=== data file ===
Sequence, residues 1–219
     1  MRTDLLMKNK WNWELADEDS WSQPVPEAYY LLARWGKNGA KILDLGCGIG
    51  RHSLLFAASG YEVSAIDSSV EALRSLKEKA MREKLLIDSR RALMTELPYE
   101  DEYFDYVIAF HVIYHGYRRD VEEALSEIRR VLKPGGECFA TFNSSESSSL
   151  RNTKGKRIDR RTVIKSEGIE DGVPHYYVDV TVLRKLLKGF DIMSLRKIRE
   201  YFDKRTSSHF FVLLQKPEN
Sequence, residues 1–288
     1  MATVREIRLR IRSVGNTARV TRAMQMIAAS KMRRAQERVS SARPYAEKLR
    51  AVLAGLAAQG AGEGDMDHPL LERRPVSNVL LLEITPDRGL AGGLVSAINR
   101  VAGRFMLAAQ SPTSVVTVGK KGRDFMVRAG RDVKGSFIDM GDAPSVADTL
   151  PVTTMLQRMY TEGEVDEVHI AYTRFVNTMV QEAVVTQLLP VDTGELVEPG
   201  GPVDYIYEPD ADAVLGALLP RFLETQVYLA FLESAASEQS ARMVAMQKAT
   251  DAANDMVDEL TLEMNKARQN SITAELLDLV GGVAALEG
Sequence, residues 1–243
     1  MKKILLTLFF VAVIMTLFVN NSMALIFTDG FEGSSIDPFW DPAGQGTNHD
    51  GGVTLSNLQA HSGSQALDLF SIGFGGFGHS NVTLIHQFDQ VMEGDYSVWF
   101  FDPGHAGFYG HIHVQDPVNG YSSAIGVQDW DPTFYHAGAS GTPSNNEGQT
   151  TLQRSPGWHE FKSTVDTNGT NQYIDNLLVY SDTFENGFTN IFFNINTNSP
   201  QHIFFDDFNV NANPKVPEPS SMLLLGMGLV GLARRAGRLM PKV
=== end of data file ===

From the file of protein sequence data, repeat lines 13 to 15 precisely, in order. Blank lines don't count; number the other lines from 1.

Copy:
   251  DAANDMVDEL TLEMNKARQN SITAELLDLV GGVAALEG
Sequence, residues 1–243
     1  MKKILLTLFF VAVIMTLFVN NSMALIFTDG FEGSSIDPFW DPAGQGTNHD